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Portland's mayor Ted Wheeler proposing new rules to give owners a chance to avoid tow fees.

KOIN 6 NEWS IMAGE - A car is towed away in an undated photo.Trying to recover a stolen car can be a nightmare for an owner, KOIN 6 News reports.

On top of the trauma inflicted by the actual theft, owners of cars that are found are still on the hook to bail their vehicles out of towing company lots — and the fees can be steep.

KOIN 6 NEWS IMAGE - Lynda DrummLynda Drumm had her car stolen in August of 2018. The 1995 Honda Accord vanished from where it had been parked in front of her apartment in Hillsboro.

Drumm, thinking her Honda was gone for good, ended up buying another used car.

But she got a letter in December, explaining that her stolen car had been found and a tow company had hauled it to its lot.

Drumm went to the lot to retrieve her vehicle. But she was in for another shock.

"By the time we got there, it was like almost $700 and right now it's clear up to like a thousand-something dollars," Drumm told KOIN 6 News.

She said the tow company told her that she could release the car's title so the company could sell it. Whatever it sold for would be deducted from what she owed in fees.

The problem was, Drumm couldn't find the car's title. She said she went through the process of getting a new title issued, but was still waiting on paperwork.

Meanwhile, the tow lot fees kept stacking up.

Drumm said she doesn't have that kind of money to pay the full fee and, even if she did, she'd put it toward her grandson's education.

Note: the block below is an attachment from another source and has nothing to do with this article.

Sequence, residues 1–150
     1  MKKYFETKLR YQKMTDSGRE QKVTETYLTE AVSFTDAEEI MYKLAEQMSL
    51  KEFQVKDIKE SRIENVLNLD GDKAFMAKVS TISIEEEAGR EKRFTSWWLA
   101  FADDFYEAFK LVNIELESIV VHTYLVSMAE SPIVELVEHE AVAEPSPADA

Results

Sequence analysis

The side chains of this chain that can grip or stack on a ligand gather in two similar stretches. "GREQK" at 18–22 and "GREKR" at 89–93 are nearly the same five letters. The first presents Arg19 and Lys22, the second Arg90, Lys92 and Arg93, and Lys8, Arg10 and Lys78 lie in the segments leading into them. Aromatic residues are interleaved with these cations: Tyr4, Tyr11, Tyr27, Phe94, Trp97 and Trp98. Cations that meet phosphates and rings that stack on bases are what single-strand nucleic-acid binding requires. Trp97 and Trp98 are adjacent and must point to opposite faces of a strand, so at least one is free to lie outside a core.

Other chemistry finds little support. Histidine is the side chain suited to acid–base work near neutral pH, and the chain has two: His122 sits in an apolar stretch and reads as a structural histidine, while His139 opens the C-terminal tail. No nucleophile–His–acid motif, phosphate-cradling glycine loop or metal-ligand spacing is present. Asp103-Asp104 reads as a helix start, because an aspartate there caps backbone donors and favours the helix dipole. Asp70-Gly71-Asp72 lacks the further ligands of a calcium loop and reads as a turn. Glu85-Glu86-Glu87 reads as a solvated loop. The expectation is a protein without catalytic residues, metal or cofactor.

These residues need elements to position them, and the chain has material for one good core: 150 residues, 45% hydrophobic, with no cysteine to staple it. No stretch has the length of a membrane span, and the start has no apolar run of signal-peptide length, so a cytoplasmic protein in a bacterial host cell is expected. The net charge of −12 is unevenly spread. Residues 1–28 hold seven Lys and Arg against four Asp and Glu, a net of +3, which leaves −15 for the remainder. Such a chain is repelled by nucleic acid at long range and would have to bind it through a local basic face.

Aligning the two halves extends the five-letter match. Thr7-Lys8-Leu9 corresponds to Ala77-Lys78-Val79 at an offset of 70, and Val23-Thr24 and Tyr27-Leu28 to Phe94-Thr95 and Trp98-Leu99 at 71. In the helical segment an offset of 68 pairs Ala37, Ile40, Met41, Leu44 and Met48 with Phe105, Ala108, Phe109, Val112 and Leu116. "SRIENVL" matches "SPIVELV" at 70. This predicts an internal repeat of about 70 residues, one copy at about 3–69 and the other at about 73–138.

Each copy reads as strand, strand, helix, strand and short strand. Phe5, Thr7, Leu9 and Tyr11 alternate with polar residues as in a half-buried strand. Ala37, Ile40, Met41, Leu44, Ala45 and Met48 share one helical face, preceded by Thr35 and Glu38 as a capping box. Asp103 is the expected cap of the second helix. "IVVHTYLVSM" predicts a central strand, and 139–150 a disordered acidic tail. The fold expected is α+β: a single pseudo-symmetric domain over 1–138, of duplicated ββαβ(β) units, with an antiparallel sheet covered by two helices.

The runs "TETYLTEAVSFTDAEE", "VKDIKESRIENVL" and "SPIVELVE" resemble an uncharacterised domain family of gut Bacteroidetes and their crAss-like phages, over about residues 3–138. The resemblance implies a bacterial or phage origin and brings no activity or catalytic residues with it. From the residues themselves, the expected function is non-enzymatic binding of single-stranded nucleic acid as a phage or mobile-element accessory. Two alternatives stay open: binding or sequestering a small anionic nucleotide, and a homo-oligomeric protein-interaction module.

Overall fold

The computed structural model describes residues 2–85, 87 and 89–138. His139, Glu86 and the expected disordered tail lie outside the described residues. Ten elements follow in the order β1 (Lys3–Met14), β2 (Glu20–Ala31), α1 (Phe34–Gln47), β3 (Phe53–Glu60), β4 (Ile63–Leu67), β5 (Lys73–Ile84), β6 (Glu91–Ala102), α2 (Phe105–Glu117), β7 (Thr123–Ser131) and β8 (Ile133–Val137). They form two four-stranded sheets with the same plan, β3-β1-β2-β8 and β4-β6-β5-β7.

After several failed attempts to negotiate a lower bill, the tow company did eventually drop the bill from $1,150 to $670.

Her daughter, Cassandra Stutzman, said there doesn't seem to be any laws that protect people like her mom from these kinds of experiences with towing companies.

"There should be something where, if you're a victim of a theft, auto theft, you shouldn't be treated the exact same as somebody who's intentionally going out and breaking the law," Stutzman said.

Changes ahead?

According to Stutzman, a towing company only has to notify police that it's removing a car — regardless of whether it's stolen. This leaves no room for the owner to make any requests.

Portland Mayor Ted Wheeler wants to change that.

He recently proposed new rules that would allow car theft victims to avoid a tow fee by indicating on the police report whether the car should be left where it's found — after police notify them.

But that's only if police are involved. For Drumm, her stolen car was found on private property and the tow company was called in without the involvement of police.

Wheeler's proposal could still have a big effect on future experiences in the Portland metro area, but it wouldn't change things on a statewide level.

There is, however, a bill currently in the legislature that instructs the Oregon attorney general to study consumer protection and towing and issue a report by the end of the year.

For Michael Porter with the Oregon Tow Truck Association, the proposed towing policy in Portland could work across the state of Oregon but with a few tweaks, especially when it comes to the communication between various counties.

"Each county doesn't necessarily talk to each other," said Porter. "As a tower, we're kind of stuck in the middle of that and DMV doesn't have a record that your car has been stolen."

The public can weigh in on Wheeler's proposal until Feb. 14.

For now, it's worth noting that the only way to protect against big tow fees if a car is stolen is by having full-coverage insurance.

KOIN 6 News is a media partner of the Portland Tribune.


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